Indiana Above AS 1 Line 30% 30% 30% 25% N/A
Iowa N/A 50% Any Any 30% N/A
Kansas Above AS 1 Line 35% 35% 35% No metallic or mirrored appearance Red, Amber & Yellow colors are not allowed
Kentucky Above AS 1 Line 35% 8% 8% 25% N/A
Louisiana Above AS 1 Line 40% 25% 12% N/A N/A
Maine Above AS 1 Line 35% 35% 35% No metallic or mirrored appearance N/A
Maryland Above AS 1 Line 35% 35% 35% N/A Red, Amber & Yellow colors are not allowed
Massachusetts Above AS 1 Line 35% 35% 35% 35% N/A
Michigan Top 4 Inches Any (4 inches) Any Any 35% Silver & Gold colors are not allowed
Minnesota Not allowed 50% 50% 50% 20% N/A
Mississippi Above AS 1 Line 28% 28% 28% 20% N/A
Missouri Above AS 1 Line 35% Any Any 35% N/A
Montana Above AS 1 Line 24% 14% 14% 35% Red, Amber & Yellow colors are not allowed
Nebraska Above AS 1 Line 35% 20% 20% 35% Red, Amber & Yellow colors are not allowed
Nevada Above AS 1 Line 35% Any Any N/A Red & Amber colors are not allowed
New Hampshire Top 6 Inches 70% 35% 35% No metallic or mirrored appearance N/A
New Jersey Now allowed Now allowed Any Any 35% N/A
New Mexico Above AS 1 Line 20% 20% 20% No reflectiveness for the windshield. 20% for the rest. N/A
New York Top 6 inches 70% Any 70% No metallic or mirrored appearance N/A
North Carolina Top 5 inches 35% 35% 35% 20% Red, Amber & Yellow colors are not allowed
North Dakota N/A on size (70%) 50% Any Any No metallic or mirrored appearance N/A
Ohio Top 5 inches 50% Any Any No reflective tints allowed N/A
Oklahoma Above AS 1 Line 25% 25% 25% No reflective tints allowed No colored tints are allowed
Oregon Top 6 inches 35% 35% 35% No metallic, reflective, or mirrored appearance Red, Amber, Black, Gold & Yellow colors are not allowed
Pennsylvania Top 3 inches 70% 70% 70% Must be non-reflective but mirrored N/A
Rhode Island Above AS 1 Line 70% 70% 70% N/A N/A
South Carolina Above AS 1 Line 27% 27% 27% No Reflective tints allowed No colors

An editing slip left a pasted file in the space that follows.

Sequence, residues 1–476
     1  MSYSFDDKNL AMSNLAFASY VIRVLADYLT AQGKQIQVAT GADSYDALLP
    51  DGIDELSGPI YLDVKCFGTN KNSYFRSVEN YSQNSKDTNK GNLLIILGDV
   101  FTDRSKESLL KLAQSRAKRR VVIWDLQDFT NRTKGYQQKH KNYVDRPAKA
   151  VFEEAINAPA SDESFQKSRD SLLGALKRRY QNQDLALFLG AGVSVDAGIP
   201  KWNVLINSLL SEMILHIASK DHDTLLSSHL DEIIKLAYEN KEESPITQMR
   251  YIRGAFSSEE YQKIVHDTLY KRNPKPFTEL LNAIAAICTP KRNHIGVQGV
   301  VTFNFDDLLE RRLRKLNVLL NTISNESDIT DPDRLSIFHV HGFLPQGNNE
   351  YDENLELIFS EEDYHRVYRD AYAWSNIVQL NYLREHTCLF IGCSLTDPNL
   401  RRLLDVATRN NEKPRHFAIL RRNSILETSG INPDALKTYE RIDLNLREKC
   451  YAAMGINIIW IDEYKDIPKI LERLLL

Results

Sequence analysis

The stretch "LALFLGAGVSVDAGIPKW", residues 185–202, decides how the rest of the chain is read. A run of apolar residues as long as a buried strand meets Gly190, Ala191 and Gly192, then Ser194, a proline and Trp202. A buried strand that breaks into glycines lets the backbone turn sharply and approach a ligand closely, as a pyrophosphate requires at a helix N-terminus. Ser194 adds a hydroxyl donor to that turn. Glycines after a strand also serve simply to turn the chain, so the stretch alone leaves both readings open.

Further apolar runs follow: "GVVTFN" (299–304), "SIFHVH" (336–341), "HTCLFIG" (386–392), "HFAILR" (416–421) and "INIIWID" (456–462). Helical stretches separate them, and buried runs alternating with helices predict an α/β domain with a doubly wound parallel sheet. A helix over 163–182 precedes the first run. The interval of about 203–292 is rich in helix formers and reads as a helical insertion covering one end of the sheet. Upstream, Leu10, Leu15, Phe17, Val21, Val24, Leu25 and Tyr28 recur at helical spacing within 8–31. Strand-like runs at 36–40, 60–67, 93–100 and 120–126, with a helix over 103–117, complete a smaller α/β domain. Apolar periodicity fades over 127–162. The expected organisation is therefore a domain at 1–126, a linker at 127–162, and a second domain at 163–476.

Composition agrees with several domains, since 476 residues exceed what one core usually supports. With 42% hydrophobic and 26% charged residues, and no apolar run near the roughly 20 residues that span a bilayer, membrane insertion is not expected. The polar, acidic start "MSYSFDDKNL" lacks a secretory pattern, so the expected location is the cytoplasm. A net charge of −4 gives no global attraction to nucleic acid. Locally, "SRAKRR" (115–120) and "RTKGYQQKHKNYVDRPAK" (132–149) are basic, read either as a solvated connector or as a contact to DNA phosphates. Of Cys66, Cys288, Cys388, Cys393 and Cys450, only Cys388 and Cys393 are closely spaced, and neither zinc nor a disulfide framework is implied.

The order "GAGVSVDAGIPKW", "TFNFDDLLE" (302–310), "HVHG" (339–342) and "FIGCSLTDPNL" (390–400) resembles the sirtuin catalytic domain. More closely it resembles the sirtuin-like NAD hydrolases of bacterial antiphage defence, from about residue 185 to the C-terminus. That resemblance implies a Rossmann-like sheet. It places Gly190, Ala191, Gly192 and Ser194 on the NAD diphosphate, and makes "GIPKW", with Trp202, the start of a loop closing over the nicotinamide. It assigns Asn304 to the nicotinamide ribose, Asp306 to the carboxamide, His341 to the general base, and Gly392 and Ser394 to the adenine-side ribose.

South Dakota Above AS 1 Line 35% 20% 20% No metallic or mirrored appearance N/A
Tennessee Above AS 1 Line 35% 35% 35% No metallic or mirrored appearance N/A
Texas Above AS 1 Line 50% 35% 35% 20% Red, Amber & Yellow colors are not allowed
Utah Top 4 inches 35% (+ 5% buffer) Any Any 43% N/A
Vermont Above AS 1 Line Not allowed Any Any N/A N/A
Virginia Above AS 1 Line Not allowed Any Any No metallic, reflective, or mirrored appearance N/A
Washington Top 6 inches 24% 24% 24% 35% Red, Amber & Yellow colors are not allowed
West Virginia Top 5 inches 35% 35% 35% 20% Red, Amber & Yellow colors are not allowed
Wisconsin No exact rules. No reflective tints 50% 35% 35% No Reflective tints allowed N/A
Wyoming Above AS 1 Line 28% 28% 28% 20% Red, Amber & Yellow colors are not allowed

Frequently Asked Questions

Q1. Which State Has The Strictest Window Tint Laws?

It is easy to say that New Jersey has one of the most strict tint laws in the United States. It does not allow tints on the front side windows and the windshield as opposed to other states.

Q2. What Is The Darkest Legal Tint You Can Have?

Limo tints and even darker tints are allowed by certain states. If you want to, you can have completely dark tints which block 100% of VLT. Just make sure your state allows it.

Q3. What States Allow You To Have A Windshield Tint?

According to my research, you can have a windshield tint in most states. The only exceptions are the state of New Jersey and the state of Minnesota.

Q4. Do Window Tint Laws Apply To Out Of State Drivers?

If you travel to another state, you will have to abide by the window tint laws of that particular state. Because of this, you should ensure that your car’s window tints follow the laws of both states.

Q5. Do I Have To Declare Window Tints To Insurance?

Window tints count as a form of modification to the car. Informing the company is generally a good idea. This will make your insurance claim go more smoothly.

Conclusion

Window tint laws exist to protect police officers. By allowing police officers to see beyond the windows, they can assess potential dangers and identify suspects and criminals.

Window tints make this much more difficult. Understandably, many people have certain conditions that make it necessary to have window tint laws.

The laws are built to cater to these people and make sure that police officers do not put their lives needlessly on the line.

Now that I have gone over all car window tint laws by state, it should be easy for you to follow the rules and avoid any trouble.